Irwin Cycling Arlo GX 27 Wheels: Checkpoint- by Guitar Ted
The Arlo GX wheels have been rolling along underneath me all through Spring and now into Summer. It is high time to give my latest impressions on these aluminum tubeless ready wheels in the 700c format. For a look at the “Getting Rolling” click that title and go check out all the specs on this wheel set. The Irwin Cycling wheels we have reviewed so far are in two different rim materials. The Aon GX wheels were in carbon while these are aluminum. I will attempt to contrast the differences between those two rim materials in this post as well.
The Arlo GX wheels from Irwin Cycling on an early Spring ride
The weather has been hit or miss for Spring so many of the rides I have been able to do with these wheels ended up being pretty messy. However; much like the Aon GX wheels, these do not seem to be phased in any way by the rough conditions. Not to wonder when both sets of Irwin Cycling wheels we have utilize the same, high engagement hubs. The rims are different than the Aon’s, of course, being aluminum, and the Aon’s in carbon fiber. The Arlo GX wheels have a 21mm internal width which is slightly narrower than the Aon’s but this is a nice width and tires will measure out truer to size on the Arlos because of this. Plus, that narrower width does play nicer with true road riding tires, so this wheel can make it so your bike could be more versatile. The major performance differences are in the rims here, and yes, you can tell there is a difference.
The shape and width of the Arlo GX is completely different than the carbon Aon. But the tubeless performance is nearly identical.
The main thing I felt was that the Arlo has a bit more flexibility laterally. The Aon is nearly completely rigid in this way, but the aluminum Arlo rims do flex a bit. This is especially noticeable in deeper, loose gravel where rocks tend to roll out from under the tires or they shift in such a way that the tire then hits the next rocks slightly out of plane. This has the effect of making the tire/rim combination deflect hundreds of times a minute which manifests itself as a vibration in the wheel. You can actually see this if the wheels are flexy enough. I cannot see this with the Arlo GX wheels, but I can feel it.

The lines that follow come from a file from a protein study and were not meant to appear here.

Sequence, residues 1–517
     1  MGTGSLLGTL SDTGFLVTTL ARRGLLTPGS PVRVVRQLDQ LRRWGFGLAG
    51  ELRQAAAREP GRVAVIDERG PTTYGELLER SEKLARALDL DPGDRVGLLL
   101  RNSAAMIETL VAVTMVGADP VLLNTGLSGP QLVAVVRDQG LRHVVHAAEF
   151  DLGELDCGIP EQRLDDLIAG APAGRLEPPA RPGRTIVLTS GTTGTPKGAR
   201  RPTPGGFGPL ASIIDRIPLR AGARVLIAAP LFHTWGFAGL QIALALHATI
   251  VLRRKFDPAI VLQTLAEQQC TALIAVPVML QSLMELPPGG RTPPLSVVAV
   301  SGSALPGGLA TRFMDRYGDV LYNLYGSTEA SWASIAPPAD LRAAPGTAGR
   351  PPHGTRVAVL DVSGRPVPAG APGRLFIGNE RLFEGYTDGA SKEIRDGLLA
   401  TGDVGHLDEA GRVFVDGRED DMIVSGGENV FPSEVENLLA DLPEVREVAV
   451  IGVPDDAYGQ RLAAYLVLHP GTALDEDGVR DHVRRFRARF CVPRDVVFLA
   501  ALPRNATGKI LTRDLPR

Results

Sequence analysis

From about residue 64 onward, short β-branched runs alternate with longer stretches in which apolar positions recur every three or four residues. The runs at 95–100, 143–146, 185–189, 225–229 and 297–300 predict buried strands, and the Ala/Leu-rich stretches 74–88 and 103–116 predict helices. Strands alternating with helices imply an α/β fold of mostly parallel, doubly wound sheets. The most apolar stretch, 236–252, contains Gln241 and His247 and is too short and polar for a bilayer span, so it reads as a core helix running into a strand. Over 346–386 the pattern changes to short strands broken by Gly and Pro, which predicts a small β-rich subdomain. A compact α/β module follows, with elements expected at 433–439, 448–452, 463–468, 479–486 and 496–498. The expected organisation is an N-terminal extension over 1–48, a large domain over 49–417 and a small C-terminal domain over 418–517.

This sort of flex can upset a bike’s handling, and of course, it can be felt by the rider, which isn’t a positive attribute. That said, I did not find it to be out of the ordinary for an aluminum rimmed wheel set and therefore I mention this only as a counterpoint to the carbon Aon which does not exhibit this phenomenon. The result is that the Aon feels smoother and more composed underneath the rider. The Arlo GX isn’t sub-par by any means though, and of course, it is $900.00 less expensive per set than the Aon GX wheels. At MSRP $600.00 for the set, I think the Arlo GX represents a great value for a wheel set in that price range. Especially with those hubs and all the accessory end caps that you get which make these wheels very versatile.
So Far…. Irwin Cycling impressed us with the carbon Aon GX 35 650B wheels, but perhaps they have a more impressive wheel here with the Arlo GX 27. The fact that Irwin uses the same hubs and brand of spokes on their higher end wheels as they have with the Arlo GX brings more bang for the buck, especially when you consider that the wheels only go for $600.00. Sure, they weigh a little more than their carbon siblings, but with the same hubs the engagement and precise feel is identical.
Tubeless performance is equally as impressive and these may be a great choice for certain tires which seem to be a bit stubborn to mount up tubeless. The internal rim width is in the ball park for gravel and our tires set up well with plenty of low pressure support from the aluminum rims. They should match up well for tires in the 33mm-42mm range, which covers a wide swath of the gravel tire spectrum.
These wheels have moved over to another bike and after I get some more rides in on them I will be back with a final verdict in my “At The Finish” post coming soon.
Note: Irwin Cycles sent over the Arlo GX 27 wheels for test and review at no charge to Riding Gravel. We are not being paid nor bribed for this review and we will try to give our honest thoughts and opinions throughout.